Under the receivable model, infrastructure items contributed by the grantor for use in the service concession continue to be recognised as assets of the grantor. Therefore, the operator does not recognise them as assets. If the grantor makes no charge for these items, the operator shall recognise an expense for their use, and corresponding additional income from the grantor, only when the operator both:

  • has the right of use of the items, and
  • is providing services to the grantor, rather than to other users.

The grantor may also contribute other items to the operator, which the operator can keep or deal with as it wishes. In accordance with the general recognition and measurement principles:

  • such items are recognised as assets of the operator at fair value.
  • in a reciprocal transaction, they will have been contributed in consideration for the assumption of contract obligations by the operator. The operator recognises a corresponding liability in respect of those obligations, unless they have already been performed.

Handover obligations

Because the infrastructure items are recognised as assets of the grantor, the operator shall not recognise any obligation in respect of its commitment to hand them over to the grantor at the end of the service concession.

Summary of proposals in draft D10C Service Concession Arrangements - The Intangible Asset Model

General

The requirements of D10B also apply to the intangible asset model, unless a different treatment is specified by D10C.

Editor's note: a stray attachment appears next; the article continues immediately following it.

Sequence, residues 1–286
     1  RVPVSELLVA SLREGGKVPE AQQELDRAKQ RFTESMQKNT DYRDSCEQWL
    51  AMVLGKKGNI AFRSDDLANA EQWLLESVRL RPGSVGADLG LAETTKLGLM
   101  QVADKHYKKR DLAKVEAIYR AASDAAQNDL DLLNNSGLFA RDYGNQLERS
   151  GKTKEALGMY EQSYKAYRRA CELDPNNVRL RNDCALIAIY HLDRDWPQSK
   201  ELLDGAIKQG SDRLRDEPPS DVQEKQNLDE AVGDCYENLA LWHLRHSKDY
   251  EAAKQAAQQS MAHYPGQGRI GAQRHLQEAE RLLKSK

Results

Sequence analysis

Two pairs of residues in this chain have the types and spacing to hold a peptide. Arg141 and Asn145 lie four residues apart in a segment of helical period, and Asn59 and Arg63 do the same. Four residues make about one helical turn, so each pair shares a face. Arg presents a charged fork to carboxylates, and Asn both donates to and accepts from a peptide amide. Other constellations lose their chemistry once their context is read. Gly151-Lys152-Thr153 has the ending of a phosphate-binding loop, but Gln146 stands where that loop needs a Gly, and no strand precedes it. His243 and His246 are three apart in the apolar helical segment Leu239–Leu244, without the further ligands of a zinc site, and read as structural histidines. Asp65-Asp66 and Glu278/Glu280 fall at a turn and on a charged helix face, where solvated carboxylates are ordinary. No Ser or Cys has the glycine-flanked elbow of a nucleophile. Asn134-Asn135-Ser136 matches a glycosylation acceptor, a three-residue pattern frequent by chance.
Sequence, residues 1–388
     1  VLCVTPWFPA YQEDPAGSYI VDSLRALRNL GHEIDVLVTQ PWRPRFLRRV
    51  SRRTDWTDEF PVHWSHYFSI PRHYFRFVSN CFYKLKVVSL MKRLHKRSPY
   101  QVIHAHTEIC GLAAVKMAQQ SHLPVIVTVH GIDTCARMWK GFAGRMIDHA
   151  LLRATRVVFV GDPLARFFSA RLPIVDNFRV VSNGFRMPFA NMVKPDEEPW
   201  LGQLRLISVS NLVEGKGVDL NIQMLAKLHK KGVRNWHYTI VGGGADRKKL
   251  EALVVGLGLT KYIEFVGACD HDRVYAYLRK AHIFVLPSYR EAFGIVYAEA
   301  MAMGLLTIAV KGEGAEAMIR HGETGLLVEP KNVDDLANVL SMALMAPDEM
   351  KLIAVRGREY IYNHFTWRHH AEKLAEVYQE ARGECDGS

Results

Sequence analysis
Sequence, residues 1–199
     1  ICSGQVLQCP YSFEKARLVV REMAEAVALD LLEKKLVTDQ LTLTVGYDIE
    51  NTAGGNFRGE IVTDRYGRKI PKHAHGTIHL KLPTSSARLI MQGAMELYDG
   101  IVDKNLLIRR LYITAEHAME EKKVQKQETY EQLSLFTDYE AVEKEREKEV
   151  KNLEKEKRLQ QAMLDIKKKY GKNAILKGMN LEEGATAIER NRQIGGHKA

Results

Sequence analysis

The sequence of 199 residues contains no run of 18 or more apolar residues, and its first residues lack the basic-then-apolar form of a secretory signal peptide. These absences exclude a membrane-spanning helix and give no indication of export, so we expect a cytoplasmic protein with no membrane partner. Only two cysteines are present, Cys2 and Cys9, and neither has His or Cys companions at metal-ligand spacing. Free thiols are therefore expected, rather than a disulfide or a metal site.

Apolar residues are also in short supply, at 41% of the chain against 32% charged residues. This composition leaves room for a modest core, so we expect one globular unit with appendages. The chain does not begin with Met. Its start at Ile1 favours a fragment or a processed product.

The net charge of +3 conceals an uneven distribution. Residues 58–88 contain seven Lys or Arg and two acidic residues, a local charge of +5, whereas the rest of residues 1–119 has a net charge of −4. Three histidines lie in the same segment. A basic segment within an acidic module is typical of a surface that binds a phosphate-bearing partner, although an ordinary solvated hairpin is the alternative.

The intangible asset shall be accounted for in accordance with IAS 38.

Revenue and profit or loss recognition

When construction or other services are provided in exchange for the intangible asset, revenue and profit or loss shall be recognised on the exchange.

Revenue and costs shall be recognised and measured in accordance with IASs 11 and 18. In particular, revenue shall be measured at the fair value of the intangible asset received or receivable, unless its fair value cannot be measured reliably, in which case revenue is measured at the fair value of the services provided, adjusted in either case by the amount of any cash or cash equivalents transferred.

Timing of recognition of the intangible asset

The intangible asset shall be recognised when it meets the recognition criteria of IAS 38, which is usually the earlier of (a) when the operator is entitled to earn revenue from it, and (b) when costs are incurred (either in cash or otherwise, such as by providing construction or other services).

If the intangible asset is recognised in advance of payment, the operator has an obligation that is discharged upon payment. When payment is in the form of construction or other services, payment occurs when revenue is recognised on those services.